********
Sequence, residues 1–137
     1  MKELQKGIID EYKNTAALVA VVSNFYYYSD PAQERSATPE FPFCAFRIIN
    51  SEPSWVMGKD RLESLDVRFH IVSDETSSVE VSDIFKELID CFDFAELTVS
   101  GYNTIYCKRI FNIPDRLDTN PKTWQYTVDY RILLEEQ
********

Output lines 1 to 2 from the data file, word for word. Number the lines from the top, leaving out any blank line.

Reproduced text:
Sequence, residues 1–137
     1  MKELQKGIID EYKNTAALVA VVSNFYYYSD PAQERSATPE FPFCAFRIIN